'BAPS' Star Rai Rai Is Called "Ratchet" & That Just Highlights the Show's Many Issues

To say that the new Lifetime show BAPs is a class study is an understatement. While the show has earned some serious side-eye for its title, it is turning out to be a fascinating portrait of its characters, who we mustn't forget are real people. The second episode "Life in the BAP Lane" introduced the charged word anyone could have guessed would eventually rear its head on the show: ratchet. Essentially, the BAPs want to My Fair Lady Kendrick's niece Rai Rai and turn her from a "hot ghetto mess" to "Cosby black," as Anisha describes the cast in the series premiere. The cast alternately praises her (Gina says she hangs out with Rai Rai because she is "real") and ostracizes her, with Anisha telling Kendrick she "can't stand her."

Last year, Essence Magazine listed "ratchet" amongst a list of problematic media stereotypes of black women. So why are the black women on the show so ready to label Rai Rai as a word that rubs many the wrong way? Anisha, Kendrick's beau, tangles with these issues often, both in her home life with him and Rai Rai, as well as the rest of the cast. In the same episode, she and entrepreneur James appear on a radio show to discuss the BAP lifestyle which results in a blowout fight between the two. James accuses Anisha of being ashamed of being black, while Anisha implies his ideas of blackness relate to black masculinity only.

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So let's backtrack to Anisha's reasons for throwing shade and unkind words towards her boyfriend's niece. Kendrick is caught in the middle as Anisha bailed Rai out of jail (for a traffic ticket-related infraction), but subsequently got mad when the bail money wasn't paid back. Rai does seem appreciative, but the two can't reach a common plane. Kendrick and Rai are the show's resident non-BAPs, and it's definitely played up for context.

During a lunch with Gina, Rai's ignorance of fancy and foreign foods is presented as a sign of her lack of class in comparison to the BAP contingent. To her credit, Anisha does say she finds Rai smart and beautiful, just that she "ruins it" by opening her mouth. While the ladies are passing judgement like no tomorrow, Rai Rai is staunchly stating that she doesn't want to be a BAP and that they are "lame."

That doesn't stop Anisha from introducing the idea that they "BAP-tize" her into a life of refinement (I'm guessing a Pretty Woman style montage is slated for the near future). Anisha's move to change Rai is an interesting one, considering she also dates outside of their BAP circle to "keep humble," so you would think she would be more tolerant. Maybe she's internalizing more of James' assertion of "the black brand" and black maleness than she realizes. While it's acceptable for the men on the show to be "real," Rai's uncensored attitude is greeted with head shakes at how unladylike it is. In the clip above, Anisha even says Rai needs "a woman to continue to refine her."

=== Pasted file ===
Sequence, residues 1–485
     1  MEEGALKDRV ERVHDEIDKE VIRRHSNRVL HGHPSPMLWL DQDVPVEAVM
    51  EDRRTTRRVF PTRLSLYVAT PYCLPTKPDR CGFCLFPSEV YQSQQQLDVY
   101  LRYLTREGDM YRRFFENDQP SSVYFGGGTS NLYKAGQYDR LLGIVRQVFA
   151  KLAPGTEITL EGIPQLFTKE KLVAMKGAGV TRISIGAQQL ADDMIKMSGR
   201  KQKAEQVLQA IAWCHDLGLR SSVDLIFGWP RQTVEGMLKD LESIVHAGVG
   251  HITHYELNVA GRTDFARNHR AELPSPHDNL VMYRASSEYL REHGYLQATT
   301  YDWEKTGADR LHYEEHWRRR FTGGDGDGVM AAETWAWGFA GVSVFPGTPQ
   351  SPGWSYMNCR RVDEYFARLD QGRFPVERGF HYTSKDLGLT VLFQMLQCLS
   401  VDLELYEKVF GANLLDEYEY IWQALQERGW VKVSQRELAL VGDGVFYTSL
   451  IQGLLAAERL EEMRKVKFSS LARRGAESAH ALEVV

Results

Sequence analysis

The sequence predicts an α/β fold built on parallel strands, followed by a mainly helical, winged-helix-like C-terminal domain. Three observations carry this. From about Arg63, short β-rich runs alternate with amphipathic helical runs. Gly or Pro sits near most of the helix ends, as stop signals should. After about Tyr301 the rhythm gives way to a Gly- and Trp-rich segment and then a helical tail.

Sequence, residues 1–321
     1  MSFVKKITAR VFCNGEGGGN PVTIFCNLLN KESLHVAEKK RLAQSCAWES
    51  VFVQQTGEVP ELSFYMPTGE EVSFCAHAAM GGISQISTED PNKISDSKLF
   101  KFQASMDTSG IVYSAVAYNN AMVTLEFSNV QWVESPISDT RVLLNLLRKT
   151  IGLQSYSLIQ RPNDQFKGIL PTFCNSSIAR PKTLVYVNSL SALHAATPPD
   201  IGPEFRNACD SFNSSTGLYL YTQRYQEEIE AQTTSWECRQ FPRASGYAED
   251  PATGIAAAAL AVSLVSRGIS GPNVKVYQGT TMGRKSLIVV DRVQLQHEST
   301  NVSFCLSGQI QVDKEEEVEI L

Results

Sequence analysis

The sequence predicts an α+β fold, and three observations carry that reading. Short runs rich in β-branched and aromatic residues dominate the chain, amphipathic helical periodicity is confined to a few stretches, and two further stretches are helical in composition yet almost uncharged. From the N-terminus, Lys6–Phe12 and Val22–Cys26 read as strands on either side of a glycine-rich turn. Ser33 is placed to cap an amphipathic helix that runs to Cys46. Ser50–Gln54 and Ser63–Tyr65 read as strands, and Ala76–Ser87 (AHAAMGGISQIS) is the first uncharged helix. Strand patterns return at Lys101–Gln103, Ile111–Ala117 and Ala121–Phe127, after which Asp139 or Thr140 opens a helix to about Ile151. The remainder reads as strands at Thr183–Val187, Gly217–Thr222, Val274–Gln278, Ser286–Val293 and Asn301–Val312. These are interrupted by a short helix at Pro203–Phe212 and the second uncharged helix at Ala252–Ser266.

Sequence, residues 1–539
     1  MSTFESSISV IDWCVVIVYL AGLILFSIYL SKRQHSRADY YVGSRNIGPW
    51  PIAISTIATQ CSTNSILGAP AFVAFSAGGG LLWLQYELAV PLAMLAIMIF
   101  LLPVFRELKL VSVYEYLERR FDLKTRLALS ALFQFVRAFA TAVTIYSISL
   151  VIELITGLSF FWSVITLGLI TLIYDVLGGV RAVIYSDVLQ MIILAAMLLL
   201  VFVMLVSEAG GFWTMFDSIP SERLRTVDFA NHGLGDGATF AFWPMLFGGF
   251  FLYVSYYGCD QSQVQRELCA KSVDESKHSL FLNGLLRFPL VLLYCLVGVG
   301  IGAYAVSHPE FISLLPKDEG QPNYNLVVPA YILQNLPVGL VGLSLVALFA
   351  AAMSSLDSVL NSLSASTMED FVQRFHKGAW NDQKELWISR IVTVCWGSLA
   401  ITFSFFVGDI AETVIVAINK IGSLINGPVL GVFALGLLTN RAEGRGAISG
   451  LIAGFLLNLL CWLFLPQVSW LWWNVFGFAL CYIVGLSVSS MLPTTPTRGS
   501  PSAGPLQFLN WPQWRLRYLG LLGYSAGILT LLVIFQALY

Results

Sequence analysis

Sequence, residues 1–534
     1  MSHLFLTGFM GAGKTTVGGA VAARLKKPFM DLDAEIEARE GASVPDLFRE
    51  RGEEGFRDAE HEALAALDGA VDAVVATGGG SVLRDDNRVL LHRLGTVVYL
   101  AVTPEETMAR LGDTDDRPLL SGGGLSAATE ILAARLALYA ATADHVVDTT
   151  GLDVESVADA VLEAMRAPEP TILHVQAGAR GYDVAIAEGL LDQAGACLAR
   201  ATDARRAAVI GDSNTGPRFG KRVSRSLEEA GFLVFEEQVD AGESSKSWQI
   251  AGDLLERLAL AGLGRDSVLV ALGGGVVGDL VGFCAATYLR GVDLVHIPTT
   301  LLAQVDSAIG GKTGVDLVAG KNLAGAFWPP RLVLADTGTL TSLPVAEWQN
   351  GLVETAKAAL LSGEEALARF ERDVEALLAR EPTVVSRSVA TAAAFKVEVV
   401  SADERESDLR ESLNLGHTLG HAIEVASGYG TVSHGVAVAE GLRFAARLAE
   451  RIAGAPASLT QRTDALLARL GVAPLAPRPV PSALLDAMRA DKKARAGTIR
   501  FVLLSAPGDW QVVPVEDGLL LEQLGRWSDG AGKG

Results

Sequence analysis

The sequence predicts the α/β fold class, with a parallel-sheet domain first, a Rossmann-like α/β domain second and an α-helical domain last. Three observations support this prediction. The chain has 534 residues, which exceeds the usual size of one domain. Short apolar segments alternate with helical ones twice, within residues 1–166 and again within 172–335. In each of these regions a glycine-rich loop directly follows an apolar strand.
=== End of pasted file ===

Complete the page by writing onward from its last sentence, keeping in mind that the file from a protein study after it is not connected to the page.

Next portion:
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Kendrick rightfully takes umbrage, because hearing your girlfriend and her friends nonstop imply your niece is "ratchet" and uncivilized is pretty messed up. The things we hate in others are the things we hate in ourselves; the women accept men who aren't part of the BAP scene, but expect women to conform to their BAP ideal, lest it break a facade. At their core, it seems these women, who have a certain degree of financial power, are afraid of losing their class status at all times. Can you blame them? They are not only established women, but established women of color, so I get that you sort of have to prove you belong in the room any given time, and Rai reminds them of the things they want to escape. They call Rai Rai ratchet before anyone else does to prove they see it too.

In the same breath, historically, women haven't been able to enjoy their success as independent individuals in a vacuum. They are simultaneously expected to be cultural torchbearers and not abandon "their" men with their progress, and be able to instill their values into future generations. While yes, it's just a reality show, the simultaneous struggle of class, gender, and race reminds me of Native Son author Richard Wright's harsh takedown of Zora Neale Hurston's Their Eyes Were Watching God. Wright took offense at the story, which has its heroine charged with her abusive husband's murder and finds opposition from black men but support from white feminists at her trial. Wright found it pandering, but at what point is cultural loyalty really an internal feminist struggle?

In that vein, Anisha and the rest of the cast are struggling with being independent, but also pushing up against the idea that their independence makes them "less black." In the same vein, they've created their own rigid gender dynamic: men don't have to be BAPs because they can culturally contradict that perceived whiteness and "balance" the relationship. They don't challenge the BAPs because it's easy to gender code the two sets of behaviors. Rai, on the other hand, encompasses everything Anisha is afraid of becoming or being mistaken for.

Makeovers are all well and good, but given how loaded the show is already, it will be fascinating to see how the characters ebb and flow together with their cultural differences as it examines the minutia of black relationships.

Image: Lifetime